11 Geeky Hats to Keep Your Noggin Warm This Winter


Ever hear that humans lose half their body heat through uncovered heads? Though that ubiquitous warning is total nonsense, a warm hat is still crucial for colder weather—because cold ears hurt. Protect your head with one of these unusual hat options.

1. MEGA MAN; $10

Make your wildest dreams come true and become Mega Man—or at least look like him. This officially licensed knitted beanie mimics the iconic helmet worn by the character. It's currently out of stock, but it's going to make a reappearance on the shelves in about two months.

Find it: ThinkGeek


Keep yourself warm with the magic of a unicorn. This cozy hat/scarf/glove combo is perfect for staying covered up in cold weather. No actual unicorns were harmed during the making of this hood—it's cotton and polyester.

Find it: Firebox


If you put on the sorting hat, where would you end up? Probably Hufflepuff, but luckily we Muggles/No-Majs can decide for ourselves when picking out Harry Potter-themed headwear. Grab a beanie adorned with the crest of Ravenclaw, Slytherin, Gryffindor, or Hufflepuff.

Find it: Amazon

4. BLACK CAT; $16

Don't settle for a normal ribbed knit beanie when you can have one with little cat ears and an embroidered face. It will look great with the rest of your cat lady ensemble.

Find it: ASOS

5. POKEMON; $14

Play video games in style with this black embroidered beanie. The pom-pom adorned headwear is covered in a pattern of smiling Pikachu faces.

Find it: Amazon


This tube-shaped bandana can do it all. Creative dressers can fold and knot this polyester scarf to turn it into a variety of accessories to wear on the head or neck. The headwear can be used to keep heads warm or protect identities when dabbling in some vigilante work.

Find it: ThinkGeek


Anything that lives on planet Hoth has to have a thick coat to stay warm in the arctic climate. This beanie incorporates the Star Wars creature's white fur and horns into its design. Thanks to the double lining and ear flaps, this hat is warmer than the inside of a tauntaun.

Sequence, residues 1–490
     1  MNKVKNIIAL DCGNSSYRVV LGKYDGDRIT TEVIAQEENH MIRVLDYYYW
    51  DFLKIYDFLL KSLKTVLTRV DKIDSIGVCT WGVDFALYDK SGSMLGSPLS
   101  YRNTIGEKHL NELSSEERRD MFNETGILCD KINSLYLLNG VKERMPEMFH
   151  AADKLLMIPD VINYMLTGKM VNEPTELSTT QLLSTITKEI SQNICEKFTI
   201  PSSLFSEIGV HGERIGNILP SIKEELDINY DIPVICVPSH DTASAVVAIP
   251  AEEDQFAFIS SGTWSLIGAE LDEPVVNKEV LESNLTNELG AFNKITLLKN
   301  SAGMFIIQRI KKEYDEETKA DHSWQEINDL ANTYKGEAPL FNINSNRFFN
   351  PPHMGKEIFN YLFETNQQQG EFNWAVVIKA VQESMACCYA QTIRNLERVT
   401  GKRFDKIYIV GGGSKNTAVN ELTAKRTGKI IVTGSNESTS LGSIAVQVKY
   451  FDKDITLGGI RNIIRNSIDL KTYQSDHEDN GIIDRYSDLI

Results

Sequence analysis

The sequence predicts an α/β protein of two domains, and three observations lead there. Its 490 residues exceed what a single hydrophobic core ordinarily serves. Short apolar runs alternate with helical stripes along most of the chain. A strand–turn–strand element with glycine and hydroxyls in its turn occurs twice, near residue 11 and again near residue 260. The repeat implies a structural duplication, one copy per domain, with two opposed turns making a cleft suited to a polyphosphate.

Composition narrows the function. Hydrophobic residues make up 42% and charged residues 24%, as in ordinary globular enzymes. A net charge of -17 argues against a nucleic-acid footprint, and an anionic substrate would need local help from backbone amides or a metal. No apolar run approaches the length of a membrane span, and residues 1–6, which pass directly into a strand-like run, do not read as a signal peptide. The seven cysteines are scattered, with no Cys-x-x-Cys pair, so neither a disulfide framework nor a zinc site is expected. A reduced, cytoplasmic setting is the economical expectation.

Find it: Amazon

8. DOCTOR WHO; $15

Let this TARDIS-inspired hat transport you to a world of warmth. The ear-flapped hat fits snuggly on most heads, so Whovians of all ages can enjoy.

Find it: Amazon

9. MINECRAFT; $12 - $25

Any builder in Minecraft is familiar with the dreaded Creeper. Now you can celebrate the annoying green monsters with a threatening looking beanie. Complete the look with a Creeper scarf and you're ready to start slinking around in the night.

Find it: Amazon


Some days you're Rick and some days you're more of a Morty. If you can't decide which of the titular characters best suits you, get a beanie that can do both.

Find it: Amazon

11. FIREFLY; $24

In an episode of the short-lived sci-fi show Firefly, tough guy Jayne Cobb gets a hand-knit beanie in the mail from his mother, which he happily wears. Now you too can look like Cobb with a matching beanie that was also hand-knit.

Find it: Etsy

Matthew Stockman, Getty Images
Why Do Wimbledon Players Wear All White?
Matthew Stockman, Getty Images
Matthew Stockman, Getty Images

by James Hunt

Wimbledon's dress code is one of the most famous in sports. The rules, which specify that players must dress "almost entirely in white," are so strict that the referee can force players to change under threat of disqualification. In the past, many of the sport's top players have found themselves on the wrong end of this rule—but where did it come from?

It's believed that the rule stems from the 1800s, when tennis was a genteel sport played primarily at social gatherings, particularly by women. The sight of sweaty patches on colored clothing was considered to be inappropriate, so the practice of wearing predominantly white clothing—a.k.a. tennis whites—was adopted to avoid embarrassment. The All England Club, which hosts Wimbledon, was founded in 1868 (initially as the All England Croquet Club) and introduced Lawn Tennis in 1875.